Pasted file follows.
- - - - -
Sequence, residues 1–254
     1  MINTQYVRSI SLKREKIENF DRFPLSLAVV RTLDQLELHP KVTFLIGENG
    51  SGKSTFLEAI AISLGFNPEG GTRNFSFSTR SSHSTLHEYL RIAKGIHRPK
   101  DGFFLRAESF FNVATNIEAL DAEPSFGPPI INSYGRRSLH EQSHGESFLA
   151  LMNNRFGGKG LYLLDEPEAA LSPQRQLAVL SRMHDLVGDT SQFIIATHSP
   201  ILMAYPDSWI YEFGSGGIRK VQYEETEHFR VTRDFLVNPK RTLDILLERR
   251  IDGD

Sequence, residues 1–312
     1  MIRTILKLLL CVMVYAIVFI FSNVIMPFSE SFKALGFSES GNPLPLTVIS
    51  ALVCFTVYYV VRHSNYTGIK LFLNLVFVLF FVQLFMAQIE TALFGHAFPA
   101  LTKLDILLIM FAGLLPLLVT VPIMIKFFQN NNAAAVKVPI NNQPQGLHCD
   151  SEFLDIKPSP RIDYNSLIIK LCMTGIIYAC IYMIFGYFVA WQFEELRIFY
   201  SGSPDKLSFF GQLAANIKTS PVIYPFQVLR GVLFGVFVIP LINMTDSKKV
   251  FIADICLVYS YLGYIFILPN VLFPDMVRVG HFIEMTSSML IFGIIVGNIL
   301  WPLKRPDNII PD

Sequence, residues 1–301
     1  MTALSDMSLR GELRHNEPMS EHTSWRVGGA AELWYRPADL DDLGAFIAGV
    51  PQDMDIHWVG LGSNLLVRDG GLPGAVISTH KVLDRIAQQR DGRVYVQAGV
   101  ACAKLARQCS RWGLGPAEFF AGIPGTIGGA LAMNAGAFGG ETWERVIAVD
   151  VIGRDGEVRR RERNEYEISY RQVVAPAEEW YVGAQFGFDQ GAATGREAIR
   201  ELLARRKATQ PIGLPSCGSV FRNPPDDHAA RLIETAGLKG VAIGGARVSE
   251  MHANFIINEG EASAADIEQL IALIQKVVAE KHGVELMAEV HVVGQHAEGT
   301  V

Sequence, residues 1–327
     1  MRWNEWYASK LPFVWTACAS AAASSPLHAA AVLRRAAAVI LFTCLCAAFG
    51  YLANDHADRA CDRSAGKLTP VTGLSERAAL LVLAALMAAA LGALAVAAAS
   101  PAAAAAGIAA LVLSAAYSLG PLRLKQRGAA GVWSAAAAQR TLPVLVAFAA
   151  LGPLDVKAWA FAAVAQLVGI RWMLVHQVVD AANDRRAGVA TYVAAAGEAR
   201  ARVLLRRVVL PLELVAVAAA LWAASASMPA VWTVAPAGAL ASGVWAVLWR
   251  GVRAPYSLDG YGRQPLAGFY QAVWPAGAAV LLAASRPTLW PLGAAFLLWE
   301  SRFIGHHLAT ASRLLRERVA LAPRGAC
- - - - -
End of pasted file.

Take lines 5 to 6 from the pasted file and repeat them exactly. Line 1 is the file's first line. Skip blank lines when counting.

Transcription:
   151  LMNNRFGGKG LYLLDEPEAA LSPQRQLAVL SRMHDLVGDT SQFIIATHSP
   201  ILMAYPDSWI YEFGSGGIRK VQYEETEHFR VTRDFLVNPK RTLDILLERR